But this is heresy. None of the party leaders could endanger their team’s electability this election by actually advocating such a needed, precautionary, climate change mitigation strategy. Climate change might be an emergency;  with time lags we might be near if not slipping over a tipping point to an extinction event too terrifying for us to even fully comprehend, but there is no taking climate change seriously in our present

Elizabeth May, Jack Layton, Gilles Doucette, and Stephane Dion know the science, know the increasing probability of danger, know the mitigation time frames necessary. Harper is PM because he united the right – you’d think that climate change should have been the emergency issue uniting the greens, but that would entail taking climate change seriously.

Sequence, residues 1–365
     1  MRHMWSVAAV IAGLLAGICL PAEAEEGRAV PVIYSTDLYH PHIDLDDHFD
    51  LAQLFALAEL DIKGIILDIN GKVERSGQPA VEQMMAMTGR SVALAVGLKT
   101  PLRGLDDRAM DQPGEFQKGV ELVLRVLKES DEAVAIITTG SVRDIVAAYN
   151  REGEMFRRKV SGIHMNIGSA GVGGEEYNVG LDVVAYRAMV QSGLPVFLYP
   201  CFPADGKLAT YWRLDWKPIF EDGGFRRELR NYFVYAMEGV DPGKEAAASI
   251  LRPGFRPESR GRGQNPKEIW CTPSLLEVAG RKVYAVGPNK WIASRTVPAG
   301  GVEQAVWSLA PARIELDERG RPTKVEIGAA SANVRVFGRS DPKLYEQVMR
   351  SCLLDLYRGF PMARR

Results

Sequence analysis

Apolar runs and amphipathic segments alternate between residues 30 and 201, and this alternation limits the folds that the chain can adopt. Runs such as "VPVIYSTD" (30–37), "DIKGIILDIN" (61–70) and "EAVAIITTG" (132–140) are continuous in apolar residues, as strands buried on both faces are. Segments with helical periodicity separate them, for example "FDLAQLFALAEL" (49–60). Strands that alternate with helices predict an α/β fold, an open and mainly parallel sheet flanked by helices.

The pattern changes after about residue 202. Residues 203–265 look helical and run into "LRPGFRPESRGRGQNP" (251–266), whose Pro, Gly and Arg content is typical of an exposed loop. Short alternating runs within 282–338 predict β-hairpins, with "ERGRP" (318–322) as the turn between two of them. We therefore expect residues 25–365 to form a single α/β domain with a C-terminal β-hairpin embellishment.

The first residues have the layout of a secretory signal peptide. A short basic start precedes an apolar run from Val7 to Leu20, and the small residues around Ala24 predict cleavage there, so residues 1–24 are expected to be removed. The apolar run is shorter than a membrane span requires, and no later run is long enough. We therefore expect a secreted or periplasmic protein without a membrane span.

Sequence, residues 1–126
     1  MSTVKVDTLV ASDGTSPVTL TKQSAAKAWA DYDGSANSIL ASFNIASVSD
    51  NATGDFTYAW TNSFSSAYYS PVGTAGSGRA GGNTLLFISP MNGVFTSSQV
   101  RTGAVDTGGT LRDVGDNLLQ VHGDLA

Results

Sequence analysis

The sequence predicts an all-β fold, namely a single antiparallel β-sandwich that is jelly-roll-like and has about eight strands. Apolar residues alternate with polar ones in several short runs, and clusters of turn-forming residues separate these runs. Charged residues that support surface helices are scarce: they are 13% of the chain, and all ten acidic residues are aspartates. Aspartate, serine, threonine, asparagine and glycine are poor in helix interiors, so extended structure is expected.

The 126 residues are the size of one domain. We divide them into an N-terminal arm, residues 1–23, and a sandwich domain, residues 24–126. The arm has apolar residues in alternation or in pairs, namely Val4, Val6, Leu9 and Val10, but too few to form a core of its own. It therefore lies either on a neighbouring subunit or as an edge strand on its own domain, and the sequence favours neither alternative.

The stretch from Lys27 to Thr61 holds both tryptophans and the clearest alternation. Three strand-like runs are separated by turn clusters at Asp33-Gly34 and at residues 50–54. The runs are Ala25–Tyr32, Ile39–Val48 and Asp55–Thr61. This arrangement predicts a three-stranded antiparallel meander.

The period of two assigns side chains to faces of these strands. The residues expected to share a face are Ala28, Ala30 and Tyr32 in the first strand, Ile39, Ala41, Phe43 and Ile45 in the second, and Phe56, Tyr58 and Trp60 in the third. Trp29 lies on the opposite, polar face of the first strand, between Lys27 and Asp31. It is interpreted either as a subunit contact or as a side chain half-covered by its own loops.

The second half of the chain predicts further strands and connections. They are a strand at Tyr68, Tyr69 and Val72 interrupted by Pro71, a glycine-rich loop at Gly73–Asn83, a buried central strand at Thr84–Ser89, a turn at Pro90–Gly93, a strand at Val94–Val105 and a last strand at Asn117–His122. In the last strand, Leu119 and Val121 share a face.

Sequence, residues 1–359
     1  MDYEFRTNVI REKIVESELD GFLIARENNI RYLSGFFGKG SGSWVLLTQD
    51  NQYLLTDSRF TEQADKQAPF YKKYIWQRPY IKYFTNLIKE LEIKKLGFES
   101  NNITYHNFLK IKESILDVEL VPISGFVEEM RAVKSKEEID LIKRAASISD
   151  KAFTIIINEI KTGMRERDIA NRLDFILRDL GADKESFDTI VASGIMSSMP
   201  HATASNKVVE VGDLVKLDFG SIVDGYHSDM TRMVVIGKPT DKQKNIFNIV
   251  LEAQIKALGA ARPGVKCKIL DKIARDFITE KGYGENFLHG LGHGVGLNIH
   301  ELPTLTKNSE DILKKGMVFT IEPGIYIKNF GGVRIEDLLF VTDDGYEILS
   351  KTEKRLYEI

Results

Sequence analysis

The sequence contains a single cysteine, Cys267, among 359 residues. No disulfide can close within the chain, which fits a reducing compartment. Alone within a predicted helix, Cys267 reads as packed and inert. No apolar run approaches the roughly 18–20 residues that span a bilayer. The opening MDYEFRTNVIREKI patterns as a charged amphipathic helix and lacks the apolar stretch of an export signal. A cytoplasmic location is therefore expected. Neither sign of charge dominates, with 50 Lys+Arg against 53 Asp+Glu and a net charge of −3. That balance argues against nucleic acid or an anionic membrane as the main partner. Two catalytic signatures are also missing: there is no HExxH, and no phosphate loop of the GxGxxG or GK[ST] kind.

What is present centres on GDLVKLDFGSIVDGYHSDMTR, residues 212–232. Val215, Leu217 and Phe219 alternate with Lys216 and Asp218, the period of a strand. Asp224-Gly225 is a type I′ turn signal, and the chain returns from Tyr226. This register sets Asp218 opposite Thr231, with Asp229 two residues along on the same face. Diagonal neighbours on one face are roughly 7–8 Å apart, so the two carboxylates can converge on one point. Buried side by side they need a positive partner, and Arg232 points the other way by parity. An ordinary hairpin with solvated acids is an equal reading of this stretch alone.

That would have meant leadership in making climate change the issue, sublimating all other issues, all trivialities and tribalisms, and we’re obviously not there yet. There was no leadership voice explaining the danger and the need to unite.

Alone Dion tried to advance a weak Green Shift but it was political suicide because the mis-educated public isn’t there yet and confused and afraid they didn’t vote or voted for Harper’s safe BAU. And so it goes: lack of leadership, more mis-education, a dumber public, more time wasted …

Written by Stephen Rees

October 21, 2008 at 5:28 pm

Posted in Environment, politics

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6 Responses

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  1. “And so it goes: lack of leadership, more mis-education, a dumber public, more time wasted … ”

    You fit right in there, Grant The Ranter. I would add ‘Naivete’ to the list.

    Henderson lamented the lack of focus on the science, and mentioned James Hansen, one of the world’s pre-eminent scientists, whose latest research predicts the total melting of the ice caps after we hit 450 parts per million of atmospheric carbon. We’re at 385 ppm right now (up from a stabile 250 ppm a century earlier), and it’s increasing at 2-3 ppm per year. That gives us 20 years if we’re lucky.